Skip to main content

Thank you for visiting nature.com. You are using a browser version with limited support for CSS. To obtain the best experience, we recommend you use a more up to date browser (or turn off compatibility mode in Internet Explorer). In the meantime, to ensure continued support, we are displaying the site without styles and JavaScript.

Volume 5 Issue 3, March 2021

The perception of timbre

Timbre is an auditory attribute that conveys important information about the identity of a sound source, especially for music. Thoret et al. re-analyse past research to identify the multiple acoustical facets of musical instrument perception, capitalizing on spectrotemporal modulation models and metric learning.

Cover image: Enrica Casentini, no affiliationEtienne Thoret, Aix-Marseille Univ, CNRS, ILCB, FranceBaptiste Caramiaux, Université Paris-Saclay, CNRS, Inria, France.Cover design: Bethany Vukomanovic.

Volume 5 Issue 3

Editorial

  • COVID-19 has forced a rethink of many practices we previously took for granted, and academic travel is no exception. Virtual conferences have demonstrated their promise for encouraging a more equitable and environmentally friendly future.

    Editorial

    Advertisement

Top of page ⤴

Correspondence

Top of page ⤴

Comment & Opinion

  • The pandemic is causing prolonged stress to our social connections, with major adverse consequences to individual and societal health. As a group-living, cooperative species, we need policies of communal care for a more equitable, resilient future, argues Robin Nelson.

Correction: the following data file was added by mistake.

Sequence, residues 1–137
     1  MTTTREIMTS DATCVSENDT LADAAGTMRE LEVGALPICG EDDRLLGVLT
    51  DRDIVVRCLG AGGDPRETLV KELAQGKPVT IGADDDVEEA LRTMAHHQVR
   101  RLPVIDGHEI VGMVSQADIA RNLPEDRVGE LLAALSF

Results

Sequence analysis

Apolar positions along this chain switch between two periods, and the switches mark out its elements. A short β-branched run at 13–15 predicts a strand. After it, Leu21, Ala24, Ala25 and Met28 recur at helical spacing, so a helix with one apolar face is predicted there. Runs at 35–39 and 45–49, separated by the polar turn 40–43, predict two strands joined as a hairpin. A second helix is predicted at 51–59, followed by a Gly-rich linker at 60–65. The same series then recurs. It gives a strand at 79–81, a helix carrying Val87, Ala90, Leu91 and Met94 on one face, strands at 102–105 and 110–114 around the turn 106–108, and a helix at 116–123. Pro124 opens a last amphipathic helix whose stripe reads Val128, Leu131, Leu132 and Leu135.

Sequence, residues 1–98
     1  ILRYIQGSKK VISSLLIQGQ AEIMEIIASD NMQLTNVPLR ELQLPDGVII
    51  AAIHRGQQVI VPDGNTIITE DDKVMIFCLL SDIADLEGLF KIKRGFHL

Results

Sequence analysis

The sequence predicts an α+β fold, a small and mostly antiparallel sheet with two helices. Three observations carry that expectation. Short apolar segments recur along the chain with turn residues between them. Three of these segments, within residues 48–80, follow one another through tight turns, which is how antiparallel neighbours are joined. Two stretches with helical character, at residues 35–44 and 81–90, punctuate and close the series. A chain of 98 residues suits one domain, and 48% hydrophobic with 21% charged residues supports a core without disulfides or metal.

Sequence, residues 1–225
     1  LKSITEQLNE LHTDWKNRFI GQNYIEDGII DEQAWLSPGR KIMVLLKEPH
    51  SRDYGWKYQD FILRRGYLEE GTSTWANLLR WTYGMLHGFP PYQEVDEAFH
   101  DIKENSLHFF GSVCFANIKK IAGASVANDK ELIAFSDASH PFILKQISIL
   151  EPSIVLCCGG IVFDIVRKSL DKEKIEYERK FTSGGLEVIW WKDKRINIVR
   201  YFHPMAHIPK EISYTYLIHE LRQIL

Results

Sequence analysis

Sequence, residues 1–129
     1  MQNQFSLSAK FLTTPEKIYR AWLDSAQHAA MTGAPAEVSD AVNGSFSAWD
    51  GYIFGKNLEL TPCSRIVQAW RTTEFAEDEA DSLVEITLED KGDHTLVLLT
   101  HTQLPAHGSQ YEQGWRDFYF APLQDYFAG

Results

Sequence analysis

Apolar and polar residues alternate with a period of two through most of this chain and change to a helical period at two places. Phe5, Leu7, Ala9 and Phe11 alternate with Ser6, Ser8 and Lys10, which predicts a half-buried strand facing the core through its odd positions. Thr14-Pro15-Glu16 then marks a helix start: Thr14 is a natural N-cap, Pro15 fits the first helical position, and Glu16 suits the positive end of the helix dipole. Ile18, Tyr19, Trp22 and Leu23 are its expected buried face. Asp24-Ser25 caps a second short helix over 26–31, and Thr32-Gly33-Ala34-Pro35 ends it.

• Robin Nelson
    World View
  • Conferences are a pivotal part of the scientific enterprise, but large in-person meetings have several disadvantages. As the pandemic experience has shown, online meetings are a viable alternative. Accelerating efforts to improve conferences in virtual formats can lead to a more equitable and sustainable conference culture.

    • Sarvenaz Sarabipour
    • Aziz Khan
    • Tomislav Mestrovic
    Comment
Top of page ⤴

News & Views

  • Obtaining accurate dates for rock art is important to both archaeologists and Aboriginal Traditional Owners, but a lack of organic material associated with rock art can make this challenging. Using radiocarbon dating of mud wasp nests, Finch et al. show that naturalistic depictions of animals in the Kimberley region of northern Australia date to between 13,000 and 17,000 years ago.

    • Paul S. C. Taçon
    News & Views
  • To date, studies of gambling harms have been limited by reliance on small samples and self-reports of behaviour. Analysis of banking transactions provides unique insights into the scope and sequencing of gambling harms at the individual and population levels, with implications for gambling policy, regulation, and harm minimization.

    • Rachel A. Volberg
    News & Views
Top of page ⤴

Research

Top of page ⤴

Amendments & Corrections

Top of page ⤴

Search

Quick links